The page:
My LORD, HAVING had the honor of addressing your Lordship on the present córn laws, I hope that my apology for intruding again, though on a different subject, will be accepted by your Lordship
In tendering the annexed Statement, on the present timber and deal trade, for perusal, I have but one view, namely, that this important subject might be considered in all its true bearings, and upon them alone, and not on mere individual assertions, a conclusion come to. In whatever way I might have been formerly interested in that trade, here and abroad, I can assure your Lordship that having no interest whatever in that trade at present, no private motives can be ascribed to me, as to have been influenced one way or other, in drawing up that Statement; and I therefore flatter myself that it will deserve so much more attention, and perhaps be found a proper object of being laid before the committees now investigating that subject.
Knowing the great value of time to your Lordship as well as to all persons connected with Government, I lament the length to which that Statement has grown, and which perhaps may make it less an object for consideration on that account alone, than would otherwise be the case. I must, however, assure your Lordship, that the manifold interests involved in that question, and owing to this language being foreign to me, (for which I trust sufficient allowance will be made) did not enable me to abridge more of what I found necessary to say on that subject. Should it, however, be thought superfluous to have that Statement taken into consideration, or the question on which it treats, be already finally decided, as to the course his Majesty's Government mean to adopt, I humbly beg your Lordship will then have the goodness to direct that that Statement be returned to me at the earliest convenience.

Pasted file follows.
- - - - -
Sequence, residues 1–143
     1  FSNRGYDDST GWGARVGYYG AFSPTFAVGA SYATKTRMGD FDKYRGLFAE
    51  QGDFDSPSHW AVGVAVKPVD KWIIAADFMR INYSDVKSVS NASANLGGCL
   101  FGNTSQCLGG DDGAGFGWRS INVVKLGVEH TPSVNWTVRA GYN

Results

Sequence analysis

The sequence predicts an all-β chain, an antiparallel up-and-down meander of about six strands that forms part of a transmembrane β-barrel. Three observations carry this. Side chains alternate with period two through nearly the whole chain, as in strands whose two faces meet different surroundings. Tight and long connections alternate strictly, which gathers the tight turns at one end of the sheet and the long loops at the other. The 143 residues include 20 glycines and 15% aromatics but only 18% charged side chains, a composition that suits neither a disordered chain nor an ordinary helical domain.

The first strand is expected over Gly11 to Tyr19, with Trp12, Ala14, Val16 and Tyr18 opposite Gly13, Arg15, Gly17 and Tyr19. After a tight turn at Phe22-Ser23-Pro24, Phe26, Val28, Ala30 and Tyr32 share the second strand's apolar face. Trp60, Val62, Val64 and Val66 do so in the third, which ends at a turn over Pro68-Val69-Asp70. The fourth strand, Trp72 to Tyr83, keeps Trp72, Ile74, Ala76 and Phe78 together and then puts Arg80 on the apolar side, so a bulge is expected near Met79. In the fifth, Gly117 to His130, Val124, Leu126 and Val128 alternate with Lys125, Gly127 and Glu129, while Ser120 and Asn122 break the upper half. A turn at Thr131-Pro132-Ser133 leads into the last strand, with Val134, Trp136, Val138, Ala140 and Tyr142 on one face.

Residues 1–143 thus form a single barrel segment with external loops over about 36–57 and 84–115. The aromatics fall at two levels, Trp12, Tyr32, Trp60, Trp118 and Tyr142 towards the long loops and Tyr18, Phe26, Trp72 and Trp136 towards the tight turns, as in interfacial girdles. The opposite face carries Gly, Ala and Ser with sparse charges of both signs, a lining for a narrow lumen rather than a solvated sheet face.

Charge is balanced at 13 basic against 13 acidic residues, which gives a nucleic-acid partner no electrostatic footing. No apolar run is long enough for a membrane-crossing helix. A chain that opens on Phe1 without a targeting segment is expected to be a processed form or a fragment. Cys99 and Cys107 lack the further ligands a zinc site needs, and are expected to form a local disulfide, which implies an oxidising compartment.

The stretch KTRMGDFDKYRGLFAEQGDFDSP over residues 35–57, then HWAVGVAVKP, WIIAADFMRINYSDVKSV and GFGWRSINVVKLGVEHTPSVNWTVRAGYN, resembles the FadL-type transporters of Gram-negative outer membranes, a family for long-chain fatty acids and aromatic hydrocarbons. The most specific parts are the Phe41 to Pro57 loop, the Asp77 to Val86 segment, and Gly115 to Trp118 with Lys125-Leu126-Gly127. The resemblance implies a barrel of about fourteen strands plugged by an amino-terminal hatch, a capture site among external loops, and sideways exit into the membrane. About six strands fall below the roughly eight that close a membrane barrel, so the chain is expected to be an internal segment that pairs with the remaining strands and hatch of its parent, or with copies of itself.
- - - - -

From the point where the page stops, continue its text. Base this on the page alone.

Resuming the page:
I have the honor to be, with great respect, '
Your Lordship’s most humble and
Obedient Servant, The Earl of Liverpool.
H. D. DUNSKY.
The question of the timber and deal duties having now been in agitation for a long time, and an official report having gone forth, which recommends what would materially injure some of the nations of the North of Europe, with whom this country is at present on a liberal footing of commercial intercourse, namely, as regards a free and encouraged trade in British manufactured goods and colonial produce; I humbly beg to submit the following Statement for consideration, which my own experience in the wood trade here, and in foreign countries, has enabled me to support by facts, and not by mere loose assertions; and to the correctness of which, I shall be prepared to give the most satisfactory proofs, whenever it should be found requisite to call for them.
Owing to the several heavy duties imposed on European wood, a considerable encouragement has been given to the Canadian people, whereby to enable them to supply this country with that article to the extent they have done of late; and when Government is now called upon to continue that encouragement to them, or embrace other measures, whereby some of the nations in the North of Europe must become most serious sufferers, and which ultimately would affect England, in her present intercourse with them also, surely it becomes a matter of the first importance, minutely to ascertain whether such encouragement is actually of that benefit to the Canadian people and to this country, as to require the sacrifice of trading with other nations; and whether the other measures proposed, do not chiefly rest on a misconception of the statements made by individuals.
The first view I take upon this subject is to consider